The myth of privacy

You do know that every search term you type into a search engine is saved by the search engine, don’t you? That time you searched for porn, or an ex boy/girlfriend, or information about an illness you thought you might have – all saved by the search engine.

This practice was brought sharply into focus when AOL purposefully posted 3 months of search data on the Internet. Usernames were replaced with numbers but it was still possible to identify some of the searchers. The New York Times runs a story today about a Ms Thelma Arnold, a 62 year old living in Lilburn, Georgia. Ms Arnold was searcher number 4417749 in AOL’s records but was readily identifiable based on her searches for “numb fingersâ€?, “60 single menâ€?, “dog that urinates on everythingâ€?, “landscapers in Lilburn, Ga,â€? several people with the last name Arnold and “homes sold in shadow lake subdivision gwinnett county georgia.â€?

Marketers are going to have a ball with all this info!

Someone has helpfully taken a copy of the data and put a web interface on it to make it easier to query!

Michael Geist said it best when he said:

The article provides a powerful illustration not only of the severity of the AOL mistake (which remains online for all to see), but of why search companies simply should not be retaining this data for any significant period of time. The public privacy risks, whether self-inflicted, from hackers, or via law enforcement fishing expeditions, outweigh the private commercial benefits.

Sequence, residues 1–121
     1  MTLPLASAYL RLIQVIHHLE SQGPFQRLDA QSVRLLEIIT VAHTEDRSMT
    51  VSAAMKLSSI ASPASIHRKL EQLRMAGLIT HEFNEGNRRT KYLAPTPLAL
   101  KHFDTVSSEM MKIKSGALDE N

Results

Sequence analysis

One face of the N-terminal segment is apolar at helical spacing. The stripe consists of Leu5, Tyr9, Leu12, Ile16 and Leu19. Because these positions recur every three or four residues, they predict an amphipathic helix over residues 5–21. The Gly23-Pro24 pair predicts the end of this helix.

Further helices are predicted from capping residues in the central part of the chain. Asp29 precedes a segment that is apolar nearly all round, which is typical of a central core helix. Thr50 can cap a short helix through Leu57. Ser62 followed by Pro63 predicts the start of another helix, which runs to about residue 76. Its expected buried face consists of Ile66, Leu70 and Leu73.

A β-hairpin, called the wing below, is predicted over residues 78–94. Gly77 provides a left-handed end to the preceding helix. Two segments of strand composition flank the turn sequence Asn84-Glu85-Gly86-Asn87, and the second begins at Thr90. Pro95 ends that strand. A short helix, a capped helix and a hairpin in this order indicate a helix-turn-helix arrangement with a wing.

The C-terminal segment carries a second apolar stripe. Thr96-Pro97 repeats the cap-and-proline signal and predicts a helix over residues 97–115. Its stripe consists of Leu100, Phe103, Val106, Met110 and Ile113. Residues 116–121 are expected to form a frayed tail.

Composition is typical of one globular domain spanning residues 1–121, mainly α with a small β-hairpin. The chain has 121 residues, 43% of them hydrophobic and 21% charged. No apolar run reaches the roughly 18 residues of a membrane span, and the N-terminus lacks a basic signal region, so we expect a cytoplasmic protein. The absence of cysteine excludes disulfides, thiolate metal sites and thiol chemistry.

While Ms Arnold is quoted in the New York times article as saying

My goodness, it’s my whole personal life, I had no idea somebody was looking over my shoulder… We all have a right to privacy, Nobody should have found this all out.

You haven’t searched for anything you wouldn’t want people to know about recently, have you?

6 thoughts on “The myth of privacy”

  1. I believe it’s just as chilling to realise that the Irish government will save all records of your search engine requests for three years, without any clearly-articulated data protection standards wrapped around that data. This is the crux of the legal challenge made by Digital Rights Ireland and one you’ve highlighted in an earlier podcast. I don’t think most Irish citizens understand the implications of this data retention policy.

    You haven’t searched for anything you wouldn’t want the gardai to know about, have you?

  2. Bobby – proxies haven’t caught on here for two reasons:
    1. Nobody is aware of them and
    2. With the irish government forcing ISPs to hold onto log files for 3 years, search proxies are no good for protecting your privacy (unless there are some operating over ssl)!

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